You are here: Home » International » News » Economy
Business Standard

China blames US policies for creating 'existential crisis' at WTO

China did not mention the United States by name, but it referred to a number of policies clearly associated with Washington

Tariffs  |  Wto  |  Trump Tariff

AFP | PTI  |  Geneva 

World Trade Organization

China on Monday blamed US policies for creating an "existential crisis" at the World Trade Organization, and urged reform of the body to help it withstand the pressure from Washington.

In a document posted on the website, China cautioned that a range of recent "unilateralist and protectionist practices" had "undermined the authority and efficacy of the WTO".

"As a consequence, the organisation is facing an unprecedented existential crisis," it said.

China did not mention the United States by name, but it referred to a number of policies clearly associated with Washington.

Among other things, it warned that the decision by a "certain member" to use its national security as a pretext to impose "unwarranted on steel and aluminium", had "disturbed the trade order and market... and undermined the relevant rules of the WTO".

It also slammed the unnamed member for taking "unilateralist measures of raising trade barriers and imposing import in an arbitrary way and without authorisation from the WTO".

The document was released amid new eruptions in the US-China trade war, despite ongoing discussions aiming to resolve the two countries' differences.

Beijing said earlier Monday it would raise on $60 billion worth of US goods from June 1 in retaliation for the latest round of US tariff hikes on $200 billion worth in Chinese products. US President had also ordered the start of a process to impose new duties on another $300 billion worth of Chinese items. Trump, who began the standoff last year complaining about unfair Chinese trade practices, has specifically blasted the for slighting US trade interests to the benefit of China.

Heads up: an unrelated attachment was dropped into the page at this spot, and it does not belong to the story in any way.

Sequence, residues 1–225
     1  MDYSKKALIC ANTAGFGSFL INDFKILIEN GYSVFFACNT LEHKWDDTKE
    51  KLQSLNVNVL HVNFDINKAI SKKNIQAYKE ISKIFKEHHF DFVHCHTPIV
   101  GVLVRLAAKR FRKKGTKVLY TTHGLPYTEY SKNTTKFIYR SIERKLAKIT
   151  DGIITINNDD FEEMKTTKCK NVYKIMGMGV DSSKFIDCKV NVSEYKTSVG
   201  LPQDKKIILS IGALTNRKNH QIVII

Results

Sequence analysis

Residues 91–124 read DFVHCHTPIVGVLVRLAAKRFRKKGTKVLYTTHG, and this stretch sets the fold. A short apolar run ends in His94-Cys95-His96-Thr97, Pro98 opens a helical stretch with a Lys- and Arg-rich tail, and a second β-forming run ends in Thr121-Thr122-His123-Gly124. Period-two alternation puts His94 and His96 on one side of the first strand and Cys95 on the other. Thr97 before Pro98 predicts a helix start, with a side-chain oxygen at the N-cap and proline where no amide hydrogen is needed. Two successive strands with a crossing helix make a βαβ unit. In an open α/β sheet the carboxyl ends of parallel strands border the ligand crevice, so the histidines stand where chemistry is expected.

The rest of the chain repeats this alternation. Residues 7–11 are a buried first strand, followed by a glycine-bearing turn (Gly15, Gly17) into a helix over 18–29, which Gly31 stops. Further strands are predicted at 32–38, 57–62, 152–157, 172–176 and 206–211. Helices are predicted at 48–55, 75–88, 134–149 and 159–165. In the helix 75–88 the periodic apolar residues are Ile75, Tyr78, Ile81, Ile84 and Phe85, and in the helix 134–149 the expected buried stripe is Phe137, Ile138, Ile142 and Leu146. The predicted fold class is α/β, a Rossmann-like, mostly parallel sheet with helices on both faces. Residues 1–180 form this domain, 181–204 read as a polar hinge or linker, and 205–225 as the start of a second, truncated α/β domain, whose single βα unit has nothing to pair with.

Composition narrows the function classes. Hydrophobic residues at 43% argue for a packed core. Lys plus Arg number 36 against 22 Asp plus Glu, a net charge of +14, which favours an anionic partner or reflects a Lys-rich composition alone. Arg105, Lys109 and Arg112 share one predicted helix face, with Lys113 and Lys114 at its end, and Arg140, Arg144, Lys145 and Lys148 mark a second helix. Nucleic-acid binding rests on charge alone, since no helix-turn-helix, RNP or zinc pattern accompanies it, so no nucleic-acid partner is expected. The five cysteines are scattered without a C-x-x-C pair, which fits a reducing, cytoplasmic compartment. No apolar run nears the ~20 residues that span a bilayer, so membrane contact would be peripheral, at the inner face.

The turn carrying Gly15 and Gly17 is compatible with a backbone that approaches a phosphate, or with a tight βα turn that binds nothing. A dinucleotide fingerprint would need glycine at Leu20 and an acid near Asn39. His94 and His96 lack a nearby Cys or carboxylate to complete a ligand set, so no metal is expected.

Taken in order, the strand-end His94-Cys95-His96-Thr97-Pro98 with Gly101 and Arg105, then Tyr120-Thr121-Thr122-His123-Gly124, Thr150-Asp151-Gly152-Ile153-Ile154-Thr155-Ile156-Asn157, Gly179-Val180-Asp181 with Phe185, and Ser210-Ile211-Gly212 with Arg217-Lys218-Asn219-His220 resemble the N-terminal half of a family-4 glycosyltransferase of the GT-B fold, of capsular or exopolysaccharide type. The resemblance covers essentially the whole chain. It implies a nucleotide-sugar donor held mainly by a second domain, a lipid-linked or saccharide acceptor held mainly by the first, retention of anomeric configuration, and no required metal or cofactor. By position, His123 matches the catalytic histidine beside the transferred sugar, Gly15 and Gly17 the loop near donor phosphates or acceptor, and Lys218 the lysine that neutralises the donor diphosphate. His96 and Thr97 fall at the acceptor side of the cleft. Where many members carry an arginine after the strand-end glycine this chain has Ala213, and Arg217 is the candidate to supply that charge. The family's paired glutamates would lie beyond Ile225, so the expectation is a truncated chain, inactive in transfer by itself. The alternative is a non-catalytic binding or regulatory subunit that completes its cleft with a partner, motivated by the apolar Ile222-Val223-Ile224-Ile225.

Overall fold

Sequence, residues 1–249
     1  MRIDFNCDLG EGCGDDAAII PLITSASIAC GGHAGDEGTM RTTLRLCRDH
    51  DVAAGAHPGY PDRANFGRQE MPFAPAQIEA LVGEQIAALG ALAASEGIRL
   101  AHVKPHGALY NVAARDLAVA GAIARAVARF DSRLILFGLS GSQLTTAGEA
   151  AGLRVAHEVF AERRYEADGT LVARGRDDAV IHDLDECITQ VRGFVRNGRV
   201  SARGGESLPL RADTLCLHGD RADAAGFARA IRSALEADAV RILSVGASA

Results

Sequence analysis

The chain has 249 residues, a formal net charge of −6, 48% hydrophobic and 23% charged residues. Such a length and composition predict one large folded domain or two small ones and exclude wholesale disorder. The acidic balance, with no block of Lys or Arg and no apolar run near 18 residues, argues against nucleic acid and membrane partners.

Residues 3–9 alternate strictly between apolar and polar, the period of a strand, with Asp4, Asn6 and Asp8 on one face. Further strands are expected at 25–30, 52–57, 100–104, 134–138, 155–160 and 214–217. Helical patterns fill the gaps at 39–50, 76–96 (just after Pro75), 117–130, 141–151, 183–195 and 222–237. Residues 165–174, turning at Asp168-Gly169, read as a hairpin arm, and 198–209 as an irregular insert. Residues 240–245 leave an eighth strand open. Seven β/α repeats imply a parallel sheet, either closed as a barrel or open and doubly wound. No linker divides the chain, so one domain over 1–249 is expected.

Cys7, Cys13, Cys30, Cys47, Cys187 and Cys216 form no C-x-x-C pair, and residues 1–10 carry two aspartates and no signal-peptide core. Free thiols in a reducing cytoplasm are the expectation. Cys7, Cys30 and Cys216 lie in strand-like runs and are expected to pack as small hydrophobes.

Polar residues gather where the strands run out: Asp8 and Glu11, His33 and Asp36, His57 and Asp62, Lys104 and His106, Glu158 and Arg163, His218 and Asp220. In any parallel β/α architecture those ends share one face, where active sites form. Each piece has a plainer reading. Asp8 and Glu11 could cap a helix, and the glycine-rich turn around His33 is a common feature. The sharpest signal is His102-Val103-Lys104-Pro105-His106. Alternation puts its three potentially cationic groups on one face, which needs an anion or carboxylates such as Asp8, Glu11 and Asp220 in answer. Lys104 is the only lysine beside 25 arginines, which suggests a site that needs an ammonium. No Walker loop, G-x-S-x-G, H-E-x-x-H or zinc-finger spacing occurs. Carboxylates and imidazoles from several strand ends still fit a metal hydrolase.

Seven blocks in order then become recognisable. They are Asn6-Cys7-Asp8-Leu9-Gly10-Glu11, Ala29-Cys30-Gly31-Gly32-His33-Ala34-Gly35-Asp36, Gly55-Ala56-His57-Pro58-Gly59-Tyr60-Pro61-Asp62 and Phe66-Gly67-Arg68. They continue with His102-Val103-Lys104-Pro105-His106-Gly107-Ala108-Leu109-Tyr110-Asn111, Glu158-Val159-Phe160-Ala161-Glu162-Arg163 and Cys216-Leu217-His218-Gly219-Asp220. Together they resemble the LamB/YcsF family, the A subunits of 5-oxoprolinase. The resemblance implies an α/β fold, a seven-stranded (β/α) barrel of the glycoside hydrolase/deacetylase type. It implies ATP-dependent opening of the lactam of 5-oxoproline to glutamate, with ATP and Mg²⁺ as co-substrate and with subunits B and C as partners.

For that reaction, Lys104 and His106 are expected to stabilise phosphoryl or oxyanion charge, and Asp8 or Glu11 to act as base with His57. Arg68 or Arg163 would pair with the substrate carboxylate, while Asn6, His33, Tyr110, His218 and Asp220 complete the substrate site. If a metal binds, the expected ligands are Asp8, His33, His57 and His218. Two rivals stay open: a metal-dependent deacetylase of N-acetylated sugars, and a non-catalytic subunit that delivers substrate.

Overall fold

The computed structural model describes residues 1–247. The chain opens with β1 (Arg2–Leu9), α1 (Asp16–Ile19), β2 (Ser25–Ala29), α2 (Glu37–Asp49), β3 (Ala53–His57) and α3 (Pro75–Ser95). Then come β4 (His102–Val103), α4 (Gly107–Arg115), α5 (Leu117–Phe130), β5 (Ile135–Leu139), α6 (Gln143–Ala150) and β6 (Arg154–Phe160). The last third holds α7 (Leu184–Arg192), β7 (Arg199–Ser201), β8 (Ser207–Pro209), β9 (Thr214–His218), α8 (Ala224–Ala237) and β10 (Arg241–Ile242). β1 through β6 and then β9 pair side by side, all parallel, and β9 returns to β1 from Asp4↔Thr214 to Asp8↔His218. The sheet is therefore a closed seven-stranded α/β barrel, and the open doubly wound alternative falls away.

In the document filed to the WTO, China said it supported "necessary reform of the WTO so as to overcome its existential crisis, enhance its authority and efficacy, and increase its relevance in terms of global economic governance." It stressed the need to resolve several "urgent issues threatening the existence of the WTO".

In addition to the issues related to tariffs, it decried the blockage of the appointment of new judges to the appellate chamber at WTO's Dispute Settlement Body.

The appellate body, which offers a last resort to settle trade disputes and avoid escalation between countries, normally counts seven judges. But the number has gradually dwindled amid Washington's refusal to agree to fresh appointees, amid US complaints the body's arbitrators treat the US unfairly. The Chinese document warned that if the blockage continues, there will be only one WTO appeals judge left in office by December.

"Such a situation would severely threaten the proper functioning of the dispute settlement mechanism and therefore pose an imminent and institutional risk to the Organization," it said.

Dear Reader,

Business Standard has always strived hard to provide up-to-date information and commentary on developments that are of interest to you and have wider political and economic implications for the country and the world. Your encouragement and constant feedback on how to improve our offering have only made our resolve and commitment to these ideals stronger. Even during these difficult times arising out of Covid-19, we continue to remain committed to keeping you informed and updated with credible news, authoritative views and incisive commentary on topical issues of relevance.
We, however, have a request.

As we battle the economic impact of the pandemic, we need your support even more, so that we can continue to offer you more quality content. Our subscription model has seen an encouraging response from many of you, who have subscribed to our online content. More subscription to our online content can only help us achieve the goals of offering you even better and more relevant content. We believe in free, fair and credible journalism. Your support through more subscriptions can help us practise the journalism to which we are committed.

Support quality journalism and subscribe to Business Standard.

Digital Editor

First Published: Tue, May 14 2019. 00:30 IST